or "The Peer and the Peri"
Potted Plot | History | First Night Critics | Did You Know? | Behind the Scenes | Original Cast
First performed at the Savoy Theatre, London on the 25th Nov 1882
An Arcadian scene.
A bunch of fairies discuss that it is 25 years since Iolanthe, "the life and soul of Fairyland", was banished by the Fairy Queen for having committed the sin of marrying a mortal.
Iolanthe is pardoned and after she rises from the stream where she has been working out her sentence of penal servitude she tells that she has a son, Strephon, a half fairy, who is in love with Phyllis, a ward in Chancery.
All the lords, including the Lord Chancellor himself, are in love with Phyllis. She tells them that she is betrothed to Strephon. The peers are horrified.
In talking to his young Mother, Strephon is spotted by Phyllis and the lords. Because Iolanthe is so young looking Phyllis thinks he his having an affair and vows to now marry one of the peers.
The Fairy Queen intercedes. She tells everyone that Iolanthe is his Mother and threatens to make Strephon a member of Parliament.
"In the Parliamentary hive,
Liberal or Conservative -
Whig or Tory - I don't know -
But into Parliament you shall go!"
Act 2 is set at the Palace Yard, Westminster.
The fairies are entertained and the Peers are discomforted by Strephon's Parliamentary activities. However, secretly the fairies seem to be rather attracted to the robed Peers but they are upbraided by the Fairy Queen who thinks it's weakness on their part - although she confessors to being decidedly impressed by the sentry on duty, Private Willis.
Strephon and Phyllis are in low spirits until he explains that the reason for his mother's youth is that she is a fairy and that he himself is a fairy down to the waist. They decide that they must marry without delay.
Iolanthe gives them both her blessing and reveals that the Lord Chancellor is her husband and Strephon's father.
To bring the Operetta to a satisfactory conclusion and to stop the entire cast from dying on the spot the Lord Chancellor suggests they change the law slightly with the addition of a single word: "Every fairy shall die who doesn't marry a mortal."
Wings sprout from all the shoulders of all the Peers and off they go to fairyland.
Click here for a complete libretto to Iolanthe
Gilbert and Sullivan were now very very rich. Each enjoyed a salary of over £10,000 a year, or twice as much as the Prime Minister, Mr Gladstone.
Sullivan spent freely om entertaining, race-horses, the casino, travel. Gilbert was overseeing the building of a large mansion in Kensington, equipped with such amenities as central heating and four bathrooms.
Whilst Sullivan was travelling the world Gilbert was at his desk struggling with the libretto that was to bring fairyland to Westminster.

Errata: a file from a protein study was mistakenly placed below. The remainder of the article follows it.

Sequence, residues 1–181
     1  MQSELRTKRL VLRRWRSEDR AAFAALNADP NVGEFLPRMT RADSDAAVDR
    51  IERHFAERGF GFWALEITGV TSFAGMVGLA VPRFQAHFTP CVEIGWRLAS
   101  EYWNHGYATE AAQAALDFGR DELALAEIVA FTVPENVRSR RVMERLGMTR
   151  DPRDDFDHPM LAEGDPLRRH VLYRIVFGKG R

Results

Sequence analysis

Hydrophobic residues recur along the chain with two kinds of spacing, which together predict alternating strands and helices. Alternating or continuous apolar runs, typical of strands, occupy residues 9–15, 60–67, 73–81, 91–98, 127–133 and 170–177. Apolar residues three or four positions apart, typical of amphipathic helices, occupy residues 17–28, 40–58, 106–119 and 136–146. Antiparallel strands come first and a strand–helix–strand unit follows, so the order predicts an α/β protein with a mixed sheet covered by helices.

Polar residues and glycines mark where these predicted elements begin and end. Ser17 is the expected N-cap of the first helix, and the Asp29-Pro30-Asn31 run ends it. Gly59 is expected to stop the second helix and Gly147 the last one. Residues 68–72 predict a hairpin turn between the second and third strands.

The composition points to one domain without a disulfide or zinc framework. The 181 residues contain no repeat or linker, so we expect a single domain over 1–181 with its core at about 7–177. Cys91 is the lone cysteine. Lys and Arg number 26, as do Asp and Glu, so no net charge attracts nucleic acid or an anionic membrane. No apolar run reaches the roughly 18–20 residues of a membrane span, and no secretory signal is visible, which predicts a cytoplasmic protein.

They intended to have the new opera ready by November, 1882. As usual the music was late. Sullivan had composed very little of Act 1 when Gilbert put Act 2 into rehearsal at the end of September.
Thanks to Gilbert's strict preparedness with rehearsals, when Patience ended its long run on November 22nd Iolanthe was ready to open only three nights later.
Sullivan left the music so late that he had to write to Alfred Cellier in America and ask him to compose an overture for the American production. Sullivan's overture for the London production was ready just three days before the first performance.
To help fight against pirated productions in the U.S.A. they rehearsed the new opera under a false name - 'Perola' - which appeared in the printed libretti used at rehearsals. At the final dress rehearsal Sullivan asked the cast to change the name Perola to Iolanthe throughout. The cast were concerned - what if they forgot the name? Sullivan told them to use any name they wished. "Nobody in the audience will be any the wiser, except Mr. Gilbert - and he won't be there."
|First night critics|
|Did you know?|
Gilbert told the male chorus that he wanted the peers clean-shaven. For the good of the play they must sacrifice the luxuriant moustaches in which they took considerable manly pride. Their first response was blunt refusal, but Gilbert demanded and persuaded until almost all gave way. Only one held fast to his principles and whiskers, with the inevitable result. 'In this case,' George Grossmith recalled, 'the moustache stayed on, but he did not'.
London, had recently, been witness to the first production there of Wagner's Ring cycle. (Sullivan had attended a performance of Götterdämmerung and got a splitting headache!) Gilbert seized on the topicality of these performances to make the Queen of the Fairies into a caricature of Brünnhilde with breastplate, winged helmet, and spear.
In the second Act of Iolanthe sky-borders were discarded for the first time on any stage either in London or the Continent. Sky-borders are flat lengths of painted cloths which are stretched overhead across the stage, from left to right, forming the upper frame-work of the set. Often from over use these are, sometimes, frayed and yellow with age. To the gallery the removal of these create a vast visual improvement.
|Behind the scenes|
In the morning of the opening performance of Iolanthe Sullivan received some devastating news.
When the composer mounted the rostrum to the cheers of the audience little did they realise that Sullivan was almost penniless.
His brokers had gone bankrupt. Most of his savings were lost. Close on £7,000.
He gave no sign of the disaster throughout the evening and he and Gilbert were cheered at the end of the performance.
When he got home that night he wrote in his diary that he felt 'very low'.